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Slippery Language (7 Oct)

The thought for this week has been written by Nick Lear, EBA Regional Minister

Is it just me, or is the use of language becoming more slippery and less honest? Maybe it’s rose-tinted nostalgia glasses but It seems to me that it was not so long ago that people spoke more plainly and honestly. Let me give you some examples of what I mean:

There’s a word that seems to have crept into regular use by politicians. It is used to try to deflect allegations or inferences of lying or getting something wrong: “I misspoke.” It’s as if the words accidentally tumbled out of their mouth without them being in control of them.

On other occasions when someone being interviewed does not want to answer a question they answer a different one they prefer, despite any attempts by the interviewer to get them to answer their question (perhaps best exemplified by when Jeremy Paxman asked the same question 12 times to an intractable Michael Howard in 1997).

Newspaper articles, blogs and social media posts put their own editorial bias on events and report them either favourably or unfavourably depending on that bias (look at how different newspapers referred to the Brexit campaigns if you doubt me).

The recent debate between the US Presidential Candidates was, at times, a shouting match where each candidate spoke over the other one to make their point and refused to listen.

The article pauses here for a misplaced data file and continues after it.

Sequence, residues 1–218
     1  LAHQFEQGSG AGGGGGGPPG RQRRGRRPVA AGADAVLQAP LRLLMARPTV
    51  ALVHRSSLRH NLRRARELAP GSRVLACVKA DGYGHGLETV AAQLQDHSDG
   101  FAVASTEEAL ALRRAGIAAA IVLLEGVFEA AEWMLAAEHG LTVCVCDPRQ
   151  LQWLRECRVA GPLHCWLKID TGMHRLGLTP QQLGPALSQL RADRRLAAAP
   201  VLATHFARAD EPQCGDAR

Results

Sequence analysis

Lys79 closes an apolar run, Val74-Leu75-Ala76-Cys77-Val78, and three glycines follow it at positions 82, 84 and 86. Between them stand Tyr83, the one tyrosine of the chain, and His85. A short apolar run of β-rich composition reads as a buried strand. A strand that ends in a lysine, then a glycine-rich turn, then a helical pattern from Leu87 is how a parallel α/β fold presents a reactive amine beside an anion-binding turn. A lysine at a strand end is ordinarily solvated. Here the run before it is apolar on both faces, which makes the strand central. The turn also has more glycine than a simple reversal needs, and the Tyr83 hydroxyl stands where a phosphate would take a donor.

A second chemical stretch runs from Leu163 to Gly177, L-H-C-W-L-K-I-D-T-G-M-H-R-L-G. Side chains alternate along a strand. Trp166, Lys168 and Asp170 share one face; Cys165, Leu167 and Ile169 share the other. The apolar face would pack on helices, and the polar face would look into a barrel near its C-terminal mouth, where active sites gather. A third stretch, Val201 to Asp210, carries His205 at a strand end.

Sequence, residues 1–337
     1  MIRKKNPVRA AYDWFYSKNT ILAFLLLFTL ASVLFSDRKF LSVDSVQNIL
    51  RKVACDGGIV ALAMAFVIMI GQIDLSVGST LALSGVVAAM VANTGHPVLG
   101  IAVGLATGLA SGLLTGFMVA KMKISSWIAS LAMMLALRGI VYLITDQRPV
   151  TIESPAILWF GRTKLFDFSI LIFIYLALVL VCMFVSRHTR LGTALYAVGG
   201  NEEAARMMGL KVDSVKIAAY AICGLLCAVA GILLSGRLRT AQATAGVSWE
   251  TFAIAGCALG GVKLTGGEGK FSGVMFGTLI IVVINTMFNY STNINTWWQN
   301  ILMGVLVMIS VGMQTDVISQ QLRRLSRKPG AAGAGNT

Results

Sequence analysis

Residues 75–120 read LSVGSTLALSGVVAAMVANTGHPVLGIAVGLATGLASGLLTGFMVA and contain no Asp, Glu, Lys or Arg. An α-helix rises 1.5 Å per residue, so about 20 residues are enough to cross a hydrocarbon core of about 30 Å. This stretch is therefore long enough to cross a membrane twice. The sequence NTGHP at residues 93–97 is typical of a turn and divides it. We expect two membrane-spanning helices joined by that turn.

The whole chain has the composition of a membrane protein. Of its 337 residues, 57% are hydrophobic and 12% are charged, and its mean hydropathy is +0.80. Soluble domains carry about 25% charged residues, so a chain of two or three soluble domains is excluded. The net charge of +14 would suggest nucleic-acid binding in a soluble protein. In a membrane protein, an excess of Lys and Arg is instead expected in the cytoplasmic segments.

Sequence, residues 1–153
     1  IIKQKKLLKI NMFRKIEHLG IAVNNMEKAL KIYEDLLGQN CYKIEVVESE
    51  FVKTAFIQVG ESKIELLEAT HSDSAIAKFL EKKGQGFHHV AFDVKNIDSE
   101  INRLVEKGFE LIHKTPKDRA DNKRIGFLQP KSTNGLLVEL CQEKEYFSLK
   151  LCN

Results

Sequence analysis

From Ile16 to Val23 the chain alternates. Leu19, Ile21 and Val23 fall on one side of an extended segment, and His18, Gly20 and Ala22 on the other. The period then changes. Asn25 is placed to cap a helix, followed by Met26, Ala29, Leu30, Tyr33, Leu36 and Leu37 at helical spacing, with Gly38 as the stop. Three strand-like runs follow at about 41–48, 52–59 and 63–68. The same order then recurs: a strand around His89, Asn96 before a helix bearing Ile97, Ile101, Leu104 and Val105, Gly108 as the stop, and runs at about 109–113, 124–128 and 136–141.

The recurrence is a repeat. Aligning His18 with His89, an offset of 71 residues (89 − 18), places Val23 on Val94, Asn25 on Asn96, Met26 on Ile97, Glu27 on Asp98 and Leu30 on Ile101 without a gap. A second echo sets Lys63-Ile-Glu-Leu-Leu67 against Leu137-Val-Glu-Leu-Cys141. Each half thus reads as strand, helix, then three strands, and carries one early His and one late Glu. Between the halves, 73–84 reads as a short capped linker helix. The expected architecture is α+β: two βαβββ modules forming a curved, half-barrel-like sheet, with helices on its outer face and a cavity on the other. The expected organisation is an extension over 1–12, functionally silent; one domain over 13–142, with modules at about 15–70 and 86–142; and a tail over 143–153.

Of course Christians would never be like that. Would we? Really? Not in church meetings (misvote?), leadership team meetings (misserve?), sermons (mispreach?), talking about someone with another person (misshare?), emails (mistype?), a social media platform (mispost?)…

Jesus had some very tough things to say about what we say and how we say it, recorded in Matthew 12: “33 ‘Make a tree good and its fruit will be good, or make a tree bad and its fruit will be bad, for a tree is recognised by its fruit. 34 You brood of vipers, how can you who are evil say anything good? For the mouth speaks what the heart is full of. 35 A good man brings good things out of the good stored up in him, and an evil man brings evil things out of the evil stored up in him. 36 But I tell you that everyone will have to give account on the day of judgment for every empty word they have spoken. 37 For by your words you will be acquitted, and by your words you will be condemned.’”

James takes this theme even further in his open letter – James 3:1-12. Here are the last 3 verses: “With the tongue we praise our Lord and Father, and with it we curse human beings, who have been made in God’s likeness. 10 Out of the same mouth come praise and cursing. My brothers and sisters, this should not be. 11 Can both fresh water and salt water flow from the same spring? 12 My brothers and sisters, can a fig-tree bear olives, or a grapevine bear figs? Neither can a salt spring produce fresh water.”

Words can be weapons of mass distraction and mass destruction and they can be as healing as medicine and surgery and as affirming as a hug. The clear message from Jesus and James is that what we say reveals what’s going on under the surface. We need to show integrity in how we speak (written or verbal). Integrity means: “the quality of being honest and having strong moral principles,” and “the state of being whole and undivided.” Hmmmm.

Let’s pray Psalm 19:14 – “May these words of my mouth and this meditation of my heart be pleasing in your sight, Lord, my Rock and my Redeemer.”

For your prayers:

This week we are praying for Cambourne Church https://www.easternbaptist.org.uk/prayer-focus/cambourne-church/

On Sunday Beth is preaching at Attleborough Baptist Church, Graeme is virtually with Braintree Baptist Church and I will be joining virtually with one of the churches I serve.

Be blessed, be a blessing

Nick

 

Photo by Jelleke Vanooteghem on Unsplash

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